Project Euler is a set of mathmatically-oriented open challenges for developers. I started working my way through these the other day with a bent of using C# and LINQ as much as possible.
I’ve shared my source on my public GitHub
For example: Problem #4 “Find the largest palindrome made from the product of two 3-digit numbers.”
Use of LINQ to express the cartesian join between the sets of 3 digit numbers dramatically simplifies the amount of code written. While the code is somewhat inefficient – I don’t dedupe reflexive pairs of numbers between sets – it is quite elegant.
Finally got around to putting my ITunesSync command-line utility out on my GitHub.com repository.
It fixes ITunes bloody irritating inability to “watch a folder”, keeping a folder full of music in sync with ITunes – something that Media Player and other “watcher” based systems seem to manage so easily. Find out more here:
I’ve been reading Vazirani’s Algorithms last night – quite an entertaining book considering the dry subject and similar books on the topic. Vazirani’s website has a draft of the book as PDF too.
While the book is very much language-agnostic, I thought I’d have a crack at some of the algorithms using much newer semantics of C# and the yield keyword.
The Fibonacci sequence is especially interesting because it can be a O(N2) recursive, or a O(N) linear performer depending on implementation.
I took a stab at the linear implementation, the results are surprisingly clean and simple. In the first cut, I did the traditional loop thing with a conditional guard for iteration 0 and 1. Second cut is much more elegant, removing the conditional guards all together and replacing them with a sequence of yields :
foreach(UInt64 fibNumber in FibonacciSequence())
public static IEnumerable<UInt64> FibonacciSequence()
UInt64 nminus1 = 1;
UInt64 nminus2 = 0;
UInt64 current = 1;
yield return 0;
yield return 1;
yield return current;
nminus2 = nminus1;
nminus1 = current;
current = nminus2 + nminus1;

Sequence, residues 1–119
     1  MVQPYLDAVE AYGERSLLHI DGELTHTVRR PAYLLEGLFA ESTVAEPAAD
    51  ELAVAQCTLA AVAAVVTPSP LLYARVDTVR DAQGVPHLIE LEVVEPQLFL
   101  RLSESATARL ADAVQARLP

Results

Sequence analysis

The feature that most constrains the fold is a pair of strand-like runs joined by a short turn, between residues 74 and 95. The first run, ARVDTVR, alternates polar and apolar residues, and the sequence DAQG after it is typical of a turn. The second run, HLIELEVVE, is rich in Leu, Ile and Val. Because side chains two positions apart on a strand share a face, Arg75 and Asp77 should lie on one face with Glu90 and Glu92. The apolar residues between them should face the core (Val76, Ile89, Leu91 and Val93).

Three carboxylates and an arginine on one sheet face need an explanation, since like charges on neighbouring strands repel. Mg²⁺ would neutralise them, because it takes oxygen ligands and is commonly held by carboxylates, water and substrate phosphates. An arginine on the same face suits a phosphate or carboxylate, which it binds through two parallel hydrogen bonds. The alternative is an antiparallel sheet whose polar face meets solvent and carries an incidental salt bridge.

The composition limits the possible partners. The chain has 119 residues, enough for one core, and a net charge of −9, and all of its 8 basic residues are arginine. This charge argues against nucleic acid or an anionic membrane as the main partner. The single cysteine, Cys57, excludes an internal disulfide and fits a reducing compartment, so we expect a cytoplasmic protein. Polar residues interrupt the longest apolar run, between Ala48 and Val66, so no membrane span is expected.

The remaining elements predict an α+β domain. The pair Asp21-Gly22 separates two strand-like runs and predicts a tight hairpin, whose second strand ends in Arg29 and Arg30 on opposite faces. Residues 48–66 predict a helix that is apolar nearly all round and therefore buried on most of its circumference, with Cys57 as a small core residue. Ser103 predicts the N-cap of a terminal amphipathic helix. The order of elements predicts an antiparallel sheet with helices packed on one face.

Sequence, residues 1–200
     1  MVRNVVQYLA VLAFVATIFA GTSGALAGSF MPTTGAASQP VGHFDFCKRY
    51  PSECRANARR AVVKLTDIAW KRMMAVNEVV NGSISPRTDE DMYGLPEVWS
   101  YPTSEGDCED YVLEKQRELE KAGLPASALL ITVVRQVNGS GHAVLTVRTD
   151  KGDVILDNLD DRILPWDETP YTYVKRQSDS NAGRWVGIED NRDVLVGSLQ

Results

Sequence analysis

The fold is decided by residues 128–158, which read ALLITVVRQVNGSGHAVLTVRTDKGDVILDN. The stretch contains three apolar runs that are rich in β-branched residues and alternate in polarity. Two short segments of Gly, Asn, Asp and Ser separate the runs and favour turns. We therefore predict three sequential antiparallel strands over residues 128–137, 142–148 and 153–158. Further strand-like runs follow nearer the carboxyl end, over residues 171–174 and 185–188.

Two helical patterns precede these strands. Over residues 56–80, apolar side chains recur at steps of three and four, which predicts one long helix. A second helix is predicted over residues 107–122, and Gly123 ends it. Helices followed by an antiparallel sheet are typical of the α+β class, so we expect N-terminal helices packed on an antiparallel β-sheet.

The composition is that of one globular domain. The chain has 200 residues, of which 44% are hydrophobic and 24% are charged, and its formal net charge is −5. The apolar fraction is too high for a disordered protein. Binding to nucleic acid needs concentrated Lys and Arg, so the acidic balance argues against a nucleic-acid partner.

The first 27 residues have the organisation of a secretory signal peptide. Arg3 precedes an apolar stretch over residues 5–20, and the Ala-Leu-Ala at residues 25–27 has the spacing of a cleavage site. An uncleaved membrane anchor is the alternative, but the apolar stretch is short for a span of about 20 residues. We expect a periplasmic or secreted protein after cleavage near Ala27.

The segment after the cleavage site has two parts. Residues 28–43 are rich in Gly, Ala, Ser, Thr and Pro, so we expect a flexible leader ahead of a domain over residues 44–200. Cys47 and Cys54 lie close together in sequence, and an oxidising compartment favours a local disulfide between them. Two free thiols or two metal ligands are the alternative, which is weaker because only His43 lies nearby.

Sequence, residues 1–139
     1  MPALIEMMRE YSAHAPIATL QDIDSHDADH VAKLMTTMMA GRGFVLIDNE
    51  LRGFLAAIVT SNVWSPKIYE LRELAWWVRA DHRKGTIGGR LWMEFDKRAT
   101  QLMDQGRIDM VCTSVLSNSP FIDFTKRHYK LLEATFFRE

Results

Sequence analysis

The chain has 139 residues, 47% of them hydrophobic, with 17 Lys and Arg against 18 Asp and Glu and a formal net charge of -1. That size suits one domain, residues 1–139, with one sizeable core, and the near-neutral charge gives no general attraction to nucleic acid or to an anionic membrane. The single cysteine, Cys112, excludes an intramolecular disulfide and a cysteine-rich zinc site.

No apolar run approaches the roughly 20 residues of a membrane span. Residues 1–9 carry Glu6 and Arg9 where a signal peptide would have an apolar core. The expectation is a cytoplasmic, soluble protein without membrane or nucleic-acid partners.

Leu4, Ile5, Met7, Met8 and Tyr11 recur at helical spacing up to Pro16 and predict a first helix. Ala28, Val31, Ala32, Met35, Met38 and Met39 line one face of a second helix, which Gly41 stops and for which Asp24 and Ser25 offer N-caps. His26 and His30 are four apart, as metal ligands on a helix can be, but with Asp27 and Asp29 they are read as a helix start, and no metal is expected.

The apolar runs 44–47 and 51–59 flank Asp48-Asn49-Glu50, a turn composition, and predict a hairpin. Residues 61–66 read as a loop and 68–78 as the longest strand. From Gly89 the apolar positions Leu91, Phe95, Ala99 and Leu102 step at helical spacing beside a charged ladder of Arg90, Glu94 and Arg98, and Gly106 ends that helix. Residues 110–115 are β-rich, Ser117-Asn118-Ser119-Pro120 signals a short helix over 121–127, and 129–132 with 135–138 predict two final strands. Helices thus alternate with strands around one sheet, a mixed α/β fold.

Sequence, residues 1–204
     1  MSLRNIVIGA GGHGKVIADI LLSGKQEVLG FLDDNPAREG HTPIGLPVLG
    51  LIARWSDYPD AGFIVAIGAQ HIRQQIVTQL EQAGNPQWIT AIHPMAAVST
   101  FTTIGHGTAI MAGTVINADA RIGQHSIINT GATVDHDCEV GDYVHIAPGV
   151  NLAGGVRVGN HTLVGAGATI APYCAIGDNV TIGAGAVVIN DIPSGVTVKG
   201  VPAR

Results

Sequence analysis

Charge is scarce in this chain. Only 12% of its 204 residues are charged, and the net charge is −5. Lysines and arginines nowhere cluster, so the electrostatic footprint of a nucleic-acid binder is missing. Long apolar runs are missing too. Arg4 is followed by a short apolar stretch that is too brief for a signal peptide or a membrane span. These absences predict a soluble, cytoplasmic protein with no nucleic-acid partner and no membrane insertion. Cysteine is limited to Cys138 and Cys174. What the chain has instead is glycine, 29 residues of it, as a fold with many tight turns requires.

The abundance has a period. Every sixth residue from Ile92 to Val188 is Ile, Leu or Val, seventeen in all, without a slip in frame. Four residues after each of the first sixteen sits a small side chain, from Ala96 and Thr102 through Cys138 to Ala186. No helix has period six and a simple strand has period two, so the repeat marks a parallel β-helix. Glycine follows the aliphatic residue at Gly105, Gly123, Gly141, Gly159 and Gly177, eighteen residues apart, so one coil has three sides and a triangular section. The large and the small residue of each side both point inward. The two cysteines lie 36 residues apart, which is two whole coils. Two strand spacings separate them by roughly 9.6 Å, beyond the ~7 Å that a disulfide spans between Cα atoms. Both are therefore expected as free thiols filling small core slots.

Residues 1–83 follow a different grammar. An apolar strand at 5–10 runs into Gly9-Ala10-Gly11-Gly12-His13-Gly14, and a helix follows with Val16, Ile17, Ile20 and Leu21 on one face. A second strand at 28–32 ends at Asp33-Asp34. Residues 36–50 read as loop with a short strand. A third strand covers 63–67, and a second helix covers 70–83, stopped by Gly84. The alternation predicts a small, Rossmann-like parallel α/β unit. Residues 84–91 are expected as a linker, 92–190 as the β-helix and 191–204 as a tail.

Took a cruise to the Microsoft Company Store to get Win7 for a family member. The place is full of tech-goodies – very hard to come out with only the items you intended.
I originally went in to get Win7-Ultimate but Win7-Pro was cheaper by $10 – no significant feature differences. It was quite a novel experience for this millenium at least – the last time I held a boxed OS product was Windows NT 4.0.
With an extra $10 burning a hole in my pocket I stopped at the mice rack. We’ve lived with a Notebook Mouse on our desktop since the wireless mouse died. I picked up a Microsoft Comfort Mouse 4500 for a little over that tenner – nice and comfortable to hold without being too flashy. Tried it on Win7 and OS/X – worked right of the bat – no drivers etc needed.
On the way out I stopped to browse the the Xbox games stand and grabbed another copy of Halo Reach. Lauren’s been talking smack for ages about how good she is at multiplayer, but she only played splitscreen. We’ve got two Xboxes, and tonight I, as every parent should, mercilessly slaughtered her – headshots, beatdowns, and obligatory corpse desicration.
Finally reinstalled my office desktop and upgraded it to Windows 7. Unlike previous quantum leaps, I started from scratch – new 1 terabyte drive, new 23″ monitor to place the pre-millenial 17″ LCD, fresh OS install etc.
This is also the first time I’ve installed Windows from a USB key, to create your own:
Took around 20mins in total – pretty quick and smooth. Plug-n-Play just did its thing, everything worked immediately display, printer, scanner, webcam, mouse, keyboard, even the UPnP gateway all discovered and controllable.
My original reluctancy to pave the machine stems from the level of investment in time spent with Windows application installations. Over the last decade, I’ve been from Windows 2000, through beta versions of Windows XP all the way to Vista SP2 all with upgrade installs. However of course this includes a lot of baggage.
This time around things are a little different, beyond being Print/ITunes/Backup/File Server and general office document workhorse, we’re spending more and more of our time in the browser –
- I have far fewer applications installed, Visual Studio, and some games easily installed on demand from Steam.
- My wife only uses Office and some hokey-but-necessary Swim-team management software, otherwise preference is iPad or iPhone.
- Kids don’t have any games installed anymore, preferring their web/flash and Apple iOS games, along with burning hours on Skype and Facebook chatting with their friends.
However all is not so rosey. I can move documents and reinstall applications (200gb of Music and Video for example). However I’m increasingly dependent on complicated applications like ITunes. However it is far from a one-folder deployment, also the Apple documentation on moving that library is dire.
However the result is a machine that runs much faster in 64bit mode. And has much less junk installed on it.
If electronic books are more resource efficient than paper, and confer less rights like resale and unlimited loaning, then why are Kindle editions of books *more* expensive than paperback equivalents?
Given that there are multiple e-readers on the market, all I see is price-fixing.
Been reading a lot of code in the
riak core framework. Powerful stuff.
Fits lots of questions about managing big distributed systems in Erlang – answered a question up on StackOverflow about just such a scenario: